The Hills filmed four days a week for nine months; three of Lauren’s friends said no

MTV’s new docusoap reality series The Hills will air a total of 10 episodes, but for that short amount of air time, producers shot “for nine months, about four days a week,” Lauren tells TV Guide.

In an extensive interview, she also reveals that we’re not seeing her whole life, primarily because some of her closest friends didn’t want to participate in the show. “Three of my best friends are actually never seen on camera. They’re really supportive; they’re just not interested in being on TV,” she says. “It’s an understanding we have. Like, if we were filming Laguna and we were having a party and the cameras would leave at 11 o’clock, they would come after. Or they would just hang out in the area where there were no cameras.”

She also reveals that she really is living in the real world: “I haven’t gotten money from my parents in, like, two years.” Thus, if she were to lose her Teen Vogue internship, “I would have had to find another job,” she says. “They made it very clear that if I messed up and if I did something wrong, I would get fired, so there was pressure on me all the time. … I think [The Hills' producers] would have enjoyed it if I got fired. It would have made for a better story line!”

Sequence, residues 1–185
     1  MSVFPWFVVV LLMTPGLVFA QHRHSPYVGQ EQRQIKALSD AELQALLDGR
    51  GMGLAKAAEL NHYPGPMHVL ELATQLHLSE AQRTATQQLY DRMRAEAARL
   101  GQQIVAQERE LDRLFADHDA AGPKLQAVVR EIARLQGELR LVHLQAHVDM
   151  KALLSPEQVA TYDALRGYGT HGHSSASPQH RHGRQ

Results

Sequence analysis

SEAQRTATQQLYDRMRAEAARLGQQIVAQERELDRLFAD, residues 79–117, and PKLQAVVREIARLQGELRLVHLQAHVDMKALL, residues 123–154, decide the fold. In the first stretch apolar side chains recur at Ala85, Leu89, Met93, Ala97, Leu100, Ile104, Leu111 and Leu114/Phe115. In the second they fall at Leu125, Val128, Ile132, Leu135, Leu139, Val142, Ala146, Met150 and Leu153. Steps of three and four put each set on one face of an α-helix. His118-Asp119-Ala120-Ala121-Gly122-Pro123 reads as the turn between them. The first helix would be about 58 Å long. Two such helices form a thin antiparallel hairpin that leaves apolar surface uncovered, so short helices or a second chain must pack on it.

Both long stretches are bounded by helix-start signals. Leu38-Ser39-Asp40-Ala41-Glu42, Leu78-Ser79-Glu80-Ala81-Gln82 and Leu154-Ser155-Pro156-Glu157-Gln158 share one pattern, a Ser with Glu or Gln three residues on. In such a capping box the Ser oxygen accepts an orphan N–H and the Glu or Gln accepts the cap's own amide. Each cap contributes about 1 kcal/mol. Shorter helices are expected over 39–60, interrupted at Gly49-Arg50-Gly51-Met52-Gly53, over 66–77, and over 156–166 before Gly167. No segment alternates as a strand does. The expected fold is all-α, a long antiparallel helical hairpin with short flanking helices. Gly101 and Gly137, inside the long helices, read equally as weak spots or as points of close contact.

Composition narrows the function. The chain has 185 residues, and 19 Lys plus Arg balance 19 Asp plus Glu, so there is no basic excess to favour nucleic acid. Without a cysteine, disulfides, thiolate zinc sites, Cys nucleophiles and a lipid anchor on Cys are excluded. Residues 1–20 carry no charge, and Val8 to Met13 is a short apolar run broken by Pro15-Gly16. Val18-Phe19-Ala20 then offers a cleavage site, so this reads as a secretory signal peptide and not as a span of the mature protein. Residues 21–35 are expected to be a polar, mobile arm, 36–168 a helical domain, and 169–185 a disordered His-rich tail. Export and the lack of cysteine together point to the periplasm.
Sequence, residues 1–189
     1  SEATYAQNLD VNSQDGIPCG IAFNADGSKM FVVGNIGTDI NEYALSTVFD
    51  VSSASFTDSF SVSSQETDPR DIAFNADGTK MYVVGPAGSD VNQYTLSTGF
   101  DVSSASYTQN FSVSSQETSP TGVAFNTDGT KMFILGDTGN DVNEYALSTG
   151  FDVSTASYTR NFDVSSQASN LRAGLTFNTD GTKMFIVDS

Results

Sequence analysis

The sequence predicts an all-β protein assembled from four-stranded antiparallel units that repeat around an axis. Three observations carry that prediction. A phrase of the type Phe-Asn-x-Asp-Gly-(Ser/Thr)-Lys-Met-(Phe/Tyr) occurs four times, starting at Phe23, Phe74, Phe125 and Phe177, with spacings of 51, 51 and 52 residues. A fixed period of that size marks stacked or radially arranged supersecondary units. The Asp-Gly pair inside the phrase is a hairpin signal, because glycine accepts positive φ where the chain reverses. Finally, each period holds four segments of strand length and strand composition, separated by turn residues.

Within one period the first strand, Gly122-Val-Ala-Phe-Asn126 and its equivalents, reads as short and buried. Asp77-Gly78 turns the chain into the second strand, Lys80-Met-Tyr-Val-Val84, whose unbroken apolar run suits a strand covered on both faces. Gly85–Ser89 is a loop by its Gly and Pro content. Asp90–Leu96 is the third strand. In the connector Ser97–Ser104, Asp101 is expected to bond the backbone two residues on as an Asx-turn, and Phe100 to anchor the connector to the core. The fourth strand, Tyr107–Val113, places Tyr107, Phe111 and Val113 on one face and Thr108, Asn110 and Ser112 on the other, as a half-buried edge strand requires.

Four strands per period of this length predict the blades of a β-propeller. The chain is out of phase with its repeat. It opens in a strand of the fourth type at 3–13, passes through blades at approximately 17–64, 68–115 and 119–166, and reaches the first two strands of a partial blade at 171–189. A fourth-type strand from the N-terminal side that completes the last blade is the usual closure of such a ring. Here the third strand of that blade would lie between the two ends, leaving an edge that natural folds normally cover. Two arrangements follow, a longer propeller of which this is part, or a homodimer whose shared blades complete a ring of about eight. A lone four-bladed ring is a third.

Hills’ Angel, Lauren Conrad, Tells All! [TV Guide]

The Quest ends its journey stronger than it began

Verlox from The Quest

A review of the finale of summer's best reality series, which wasn't always perfect but was thoroughly entertaining right down to the finish, which included phenomenal challenges and special effects. Will ABC give it a second season?

Plus: an interview with the actor who played Verlox and the ogre.


Shark Tank is getting a spin-off

Shark Tank

Companies that get deals on the show will be followed for this new spin-off.

Also: Before the show began, Shark Barbara Corcoran was cast and then replaced--but then she sent this amazing e-mail and won the job.

about the writer

Andy Dehnart is a journalist who has covered reality television for more than 15 years and created reality blurred in 2000. A member of the Television Critics Association, his writing and criticism about television, culture, and media has appeared on NPR and in Playboy, Buzzfeed, and many other publications. Andy, 36, also directs the journalism program at Stetson University in Florida, where he teaches creative nonfiction and journalism. He has an M.F.A. in nonfiction writing and literature from Bennington College. More about reality blurred and Andy.